But the claim that every statement is really a conjunction in which the first conjunct says "this statement is true" seems to run afoul of standard rules of propositional logic, especially the rule, sometimes called Conjunction Elimination, that from a conjunction any of the conjuncts can be derived. Thus, from, "This statement is true and this statement is false", it follows that "this statement is false" and so we have, once again, a paradoxical (and non-conjunctive) statement. It seems then that Prior's attempt at resolution requires either a whole new propositional logic or else the postulation that the "and" in, "This statement is true and this statement is false", is a special type of conjunctive for which Conjunction Elimination does not apply. But then we need, at least, an expansion of standard propositional logic to account for this new kind of "and".[5]

Saul Kripke

Saul Kripke argued that whether a sentence is paradoxical or not can depend upon contingent facts.[citation needed] If the only thing Smith says about Jones is

A majority of what Jones says about me is false.

and Jones says only these three things about Smith:

Smith is a big spender.

Smith is soft on crime.

Everything Smith says about me is true.

If Smith really is a big spender but is "not" soft on crime, then both Smith's remark about Jones and Jones's last remark about Smith are paradoxical.

Kripke proposes a solution in the following manner. If a statement's truth value is ultimately tied up in some evaluable fact about the world, that statement is "grounded". If not, that statement is "ungrounded". Ungrounded statements do not have a truth value. Liar statements and liar-like statements are ungrounded, and therefore have no truth value.

Barwise and Etchemendy

Jon Barwise and John Etchemendy propose that the liar sentence (which they interpret as synonymous with the Strengthened Liar) is ambiguous. They base this conclusion on a distinction they make between a "denial" and a "negation". If the liar means, "It is not the case that this statement is true", then it is denying itself. If it means, "This statement is not true", then it is negating itself. They go on to argue, based on situation semantics, that the "denial liar" can be true without contradiction while the "negation liar" can be false without contradiction.

Dialetheism

Graham Priest and other logicians[who?] have proposed that the liar sentence should be considered to be both true and false, a point of view known as dialetheism. Dialetheism is the view that there are true contradictions. Dialetheism raises its own problems. Chief among these is that since dialetheism recognizes the liar paradox, an intrinsic contradiction, as being true, it must discard the long-recognized principle of ex falso quodlibet, which asserts that any proposition can be deduced from a true contradiction, unless the dialetheist is willing to accept trivialism - the view that all propositions are true. Since trivialism is an intuitively false view, dialetheists nearly always reject "ex falso quodlibet". Logics that reject "ex falso quodlibet" are called paraconsistent.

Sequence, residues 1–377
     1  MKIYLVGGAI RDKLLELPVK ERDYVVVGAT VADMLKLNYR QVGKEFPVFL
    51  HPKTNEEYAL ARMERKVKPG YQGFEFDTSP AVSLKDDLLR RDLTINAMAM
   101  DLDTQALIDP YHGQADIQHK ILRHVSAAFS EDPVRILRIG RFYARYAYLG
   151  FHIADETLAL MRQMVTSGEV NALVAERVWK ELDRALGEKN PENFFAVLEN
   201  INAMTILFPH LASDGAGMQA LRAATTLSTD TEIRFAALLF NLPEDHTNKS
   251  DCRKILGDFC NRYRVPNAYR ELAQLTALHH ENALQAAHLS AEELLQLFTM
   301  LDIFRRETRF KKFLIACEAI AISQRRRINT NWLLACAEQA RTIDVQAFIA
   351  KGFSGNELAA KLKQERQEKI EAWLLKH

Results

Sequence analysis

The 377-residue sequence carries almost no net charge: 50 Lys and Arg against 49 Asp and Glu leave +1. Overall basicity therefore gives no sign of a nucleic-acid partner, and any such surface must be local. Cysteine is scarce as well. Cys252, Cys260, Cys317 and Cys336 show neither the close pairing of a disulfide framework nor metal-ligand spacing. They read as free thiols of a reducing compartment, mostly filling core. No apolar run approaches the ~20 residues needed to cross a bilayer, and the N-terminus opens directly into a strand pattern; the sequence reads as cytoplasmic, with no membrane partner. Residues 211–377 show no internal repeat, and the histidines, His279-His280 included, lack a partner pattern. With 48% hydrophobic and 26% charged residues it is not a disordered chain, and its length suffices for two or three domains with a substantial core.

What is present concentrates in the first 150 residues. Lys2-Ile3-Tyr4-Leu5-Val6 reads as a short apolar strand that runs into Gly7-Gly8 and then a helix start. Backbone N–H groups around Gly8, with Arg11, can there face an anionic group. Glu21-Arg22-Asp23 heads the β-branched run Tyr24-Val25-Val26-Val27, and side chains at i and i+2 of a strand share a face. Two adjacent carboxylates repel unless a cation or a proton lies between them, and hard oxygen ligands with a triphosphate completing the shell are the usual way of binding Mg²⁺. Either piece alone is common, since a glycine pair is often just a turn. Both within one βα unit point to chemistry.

Chris Langan

Chris Langan in his work The Theory of Theories states:

... Consider the statement “this sentence is false.” It is easy to dress this statement up as a logical formula. Aside from being true or false, what else could such a formula say about itself? Could it pronounce itself, say, unprovable? Let’s try it: "This formula is unprovable". If the given formula is in fact unprovable, then it is true and therefore a theorem. Unfortunately, the axiomatic method cannot recognize it as such without a proof. On the other hand, suppose it is provable. Then it is self-apparently false (because its provability belies what it says of itself) and yet true (because provable without respect to content)! It seems that we still have the makings of a paradox…a statement that is "unprovably provable" and therefore absurd.

But what if we now introduce a distinction between levels of proof? For example, what if we define a metalanguage as a language used to talk about, analyze or prove things regarding statements in a lower-level object language, and call the base level of Gödel’s formula the "object" level and the higher (proof) level the "metalanguage" level? Now we have one of two things: a statement that can be metalinguistically proven to be linguistically unprovable, and thus recognized as a theorem conveying valuable information about the limitations of the object language, or a statement that cannot be metalinguistically proven to be linguistically unprovable, which, though uninformative, is at least no paradox. Voilà: self-reference without paradox! It turns out that "this formula is unprovable" can be translated into a generic example of an undecidable mathematical truth.